First edition cover
|Author||Joyce Carol Oates|
|ISBN||0-525-06302-1 (first edition)|
|LC Class||PS3565.A8 B44|
|Preceded by||Unholy Loves|
|Followed by||Angel of Light|
Bellefleur (1980) is a magic realist novel by Joyce Carol Oates about the generations of an upstate New York family. It is the first book in Oates' "Gothic Saga" and at the time of publication represented a major departure from the modern-day themes about which Oates had written up to that point.
In this somewhat dense and frequently meandering novel, Oates takes readers into the imagined lives of seven generations of a single, often inbred American family, the Bellefleurs, all of whom reside on an estate in New York that is roughly the size of a small nation. (At times it is hinted that the dimensions of the Bellefleur property defy both logic and normal rules of time, place, and boundaries, as it seems to contain within its reaches towering mountains, great forests, sites of industry, rivers, fabulous formal gardens, and a mansion of strikingly immense proportions.) In this initial volume of Oates' Gothic series, the author makes significant use of magic realism, and in so doing is freed up from the restrictions of both linear and physical reality. Themes within this epic novel include self-imposed isolation, redemption, telekinesis, prophecy, family curses, the effect of limitless wealth on individual and collective morality, and whether or not a set structure may be maintained in the face of the pressure exerted by the forces of seemingly inevitable change.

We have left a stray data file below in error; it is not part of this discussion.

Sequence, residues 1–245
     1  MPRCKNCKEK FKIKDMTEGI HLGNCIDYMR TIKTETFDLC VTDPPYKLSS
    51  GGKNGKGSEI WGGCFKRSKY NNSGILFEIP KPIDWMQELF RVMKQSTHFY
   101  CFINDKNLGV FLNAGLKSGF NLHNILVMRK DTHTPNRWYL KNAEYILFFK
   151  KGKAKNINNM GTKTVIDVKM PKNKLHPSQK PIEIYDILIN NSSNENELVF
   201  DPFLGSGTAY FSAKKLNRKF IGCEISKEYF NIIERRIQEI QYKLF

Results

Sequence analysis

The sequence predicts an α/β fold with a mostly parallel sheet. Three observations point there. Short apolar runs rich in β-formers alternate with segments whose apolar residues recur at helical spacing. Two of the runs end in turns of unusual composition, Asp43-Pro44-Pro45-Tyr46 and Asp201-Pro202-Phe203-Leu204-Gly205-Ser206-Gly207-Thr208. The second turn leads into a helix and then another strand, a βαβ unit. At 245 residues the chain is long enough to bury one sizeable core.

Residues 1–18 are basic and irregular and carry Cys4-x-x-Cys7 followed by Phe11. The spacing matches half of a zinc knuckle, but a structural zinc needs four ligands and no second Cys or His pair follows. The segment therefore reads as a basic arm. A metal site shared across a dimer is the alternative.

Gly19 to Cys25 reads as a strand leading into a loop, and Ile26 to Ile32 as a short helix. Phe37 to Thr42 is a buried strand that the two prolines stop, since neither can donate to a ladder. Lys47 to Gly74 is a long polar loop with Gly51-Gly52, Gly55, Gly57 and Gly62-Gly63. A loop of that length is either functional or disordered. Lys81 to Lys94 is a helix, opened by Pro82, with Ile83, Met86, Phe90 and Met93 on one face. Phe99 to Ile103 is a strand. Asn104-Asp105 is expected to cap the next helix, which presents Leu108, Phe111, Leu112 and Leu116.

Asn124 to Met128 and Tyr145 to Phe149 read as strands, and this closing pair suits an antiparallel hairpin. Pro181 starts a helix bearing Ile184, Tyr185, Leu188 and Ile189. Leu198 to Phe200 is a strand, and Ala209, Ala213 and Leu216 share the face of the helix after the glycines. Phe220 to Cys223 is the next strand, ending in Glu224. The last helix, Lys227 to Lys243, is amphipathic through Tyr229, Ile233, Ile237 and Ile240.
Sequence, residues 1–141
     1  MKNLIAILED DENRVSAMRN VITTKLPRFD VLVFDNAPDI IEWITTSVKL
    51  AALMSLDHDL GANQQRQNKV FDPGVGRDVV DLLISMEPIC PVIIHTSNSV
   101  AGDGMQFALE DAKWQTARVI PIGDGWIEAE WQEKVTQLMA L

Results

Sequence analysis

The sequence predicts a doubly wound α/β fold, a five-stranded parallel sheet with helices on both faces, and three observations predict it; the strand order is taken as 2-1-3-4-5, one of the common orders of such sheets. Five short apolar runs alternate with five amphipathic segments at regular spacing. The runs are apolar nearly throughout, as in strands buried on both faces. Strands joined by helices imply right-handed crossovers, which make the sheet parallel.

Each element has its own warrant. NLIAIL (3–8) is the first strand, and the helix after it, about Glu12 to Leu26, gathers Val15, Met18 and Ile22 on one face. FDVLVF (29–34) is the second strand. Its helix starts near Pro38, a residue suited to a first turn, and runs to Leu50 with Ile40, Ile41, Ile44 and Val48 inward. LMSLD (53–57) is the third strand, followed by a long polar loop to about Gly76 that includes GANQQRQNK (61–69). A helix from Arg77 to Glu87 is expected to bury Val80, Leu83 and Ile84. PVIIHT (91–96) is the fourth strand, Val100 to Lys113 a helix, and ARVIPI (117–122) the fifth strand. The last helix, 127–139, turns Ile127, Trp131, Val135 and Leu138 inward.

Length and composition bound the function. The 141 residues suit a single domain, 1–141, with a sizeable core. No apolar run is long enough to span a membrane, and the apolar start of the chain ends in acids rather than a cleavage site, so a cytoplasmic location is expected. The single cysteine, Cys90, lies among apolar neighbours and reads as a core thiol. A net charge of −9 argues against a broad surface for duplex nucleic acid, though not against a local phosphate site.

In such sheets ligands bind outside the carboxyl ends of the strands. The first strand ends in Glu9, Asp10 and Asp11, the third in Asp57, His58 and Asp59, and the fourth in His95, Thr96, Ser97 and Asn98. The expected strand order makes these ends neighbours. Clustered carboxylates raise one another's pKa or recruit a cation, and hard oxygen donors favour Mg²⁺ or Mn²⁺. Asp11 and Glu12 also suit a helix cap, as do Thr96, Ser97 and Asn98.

Often found to be a challenging read, Bellefleur was, at the time of its release in 1980, among the more commercially successful novels Joyce Carol Oates had written up to that point. The praise it garnered has been cited by many as an impetus that encouraged Oates to expound upon Gothic themes further in her subsequent novels A Bloodsmoor Romance (1983), Mysteries of Winterthurn (1984), My Heart Laid Bare (1999), and most recently in The Accursed (2013).
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